Taken the GDP denominator as given, Rubinstein’s list does provide strong evidence that the gap between the super-rich and the rest of the population was very large in the nineteenth century,  with early beneficiaries of government land grants comprising many of the all-time richest Australians. By the turn of the twentieth century, merchants (eg. Samuel Hordern) and miners (eg. Walter Hall) began to replace pastoralists among the super-rich.

Then came a sharp decline. Rubinstein estimates that no Australian who died between 1940 and 1980 was rich enough to qualify for the all-time 200 rich list, a shift he attributes primarily to higher income taxation and estate duties. As he acknowledges, the changes might also be due to evasion of inheritance taxes, as the super-rich went to greater lengths to hide their assets from public view.  Yet Rubinstein’s results are consistent with other estimates that have found a substantial fall in top wealth shares between the 1915 census and the late-1960s (see Schneider 2004, 40-44), as well as with estimates that Tony Akinson and I have made of top income shares over the same period (Atkinson and Leigh 2005).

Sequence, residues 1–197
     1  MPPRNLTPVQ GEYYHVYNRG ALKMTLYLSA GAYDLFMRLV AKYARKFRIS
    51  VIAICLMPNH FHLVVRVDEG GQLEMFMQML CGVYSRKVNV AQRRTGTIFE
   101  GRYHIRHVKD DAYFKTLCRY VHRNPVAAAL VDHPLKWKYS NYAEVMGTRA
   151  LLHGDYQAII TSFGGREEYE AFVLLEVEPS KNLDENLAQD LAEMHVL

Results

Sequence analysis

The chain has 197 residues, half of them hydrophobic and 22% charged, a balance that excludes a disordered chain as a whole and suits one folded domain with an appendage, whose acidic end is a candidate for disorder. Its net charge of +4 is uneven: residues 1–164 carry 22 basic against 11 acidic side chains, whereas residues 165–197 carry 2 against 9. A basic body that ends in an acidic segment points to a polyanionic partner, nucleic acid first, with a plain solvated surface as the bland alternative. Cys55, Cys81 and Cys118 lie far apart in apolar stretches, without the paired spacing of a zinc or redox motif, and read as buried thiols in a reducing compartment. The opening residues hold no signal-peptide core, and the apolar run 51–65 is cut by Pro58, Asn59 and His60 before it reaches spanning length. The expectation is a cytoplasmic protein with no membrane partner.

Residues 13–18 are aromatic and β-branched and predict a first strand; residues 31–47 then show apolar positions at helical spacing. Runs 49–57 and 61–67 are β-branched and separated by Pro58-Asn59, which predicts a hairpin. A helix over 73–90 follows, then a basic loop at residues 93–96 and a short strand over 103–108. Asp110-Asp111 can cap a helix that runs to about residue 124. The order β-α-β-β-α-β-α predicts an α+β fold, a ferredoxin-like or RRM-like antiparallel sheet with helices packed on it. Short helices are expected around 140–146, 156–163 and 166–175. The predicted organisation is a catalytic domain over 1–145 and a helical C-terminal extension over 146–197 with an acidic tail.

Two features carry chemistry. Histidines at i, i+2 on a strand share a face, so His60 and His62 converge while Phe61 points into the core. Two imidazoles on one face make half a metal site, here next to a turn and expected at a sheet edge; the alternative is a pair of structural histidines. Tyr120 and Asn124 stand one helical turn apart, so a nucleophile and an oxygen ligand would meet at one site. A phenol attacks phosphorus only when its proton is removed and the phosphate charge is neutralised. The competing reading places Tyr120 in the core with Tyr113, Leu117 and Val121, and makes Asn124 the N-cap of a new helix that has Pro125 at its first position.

The past twenty years have seen a resurgence of the super-rich. Rubinstein calculates that six individuals and three families alive today have assets sufficient to place them in the all-time 200 rich list.  Taking only individuals currently living in Australia, the 2004 rich list contains ten people who can empathise with oilman John Paul Getty’s aphorism: “if you can count your money, you don’t have a billion dollars”. Heading the 2004 BRW rich list is Kerry Packer, whose A$6.4 billion would have placed him 36th on the US rich list.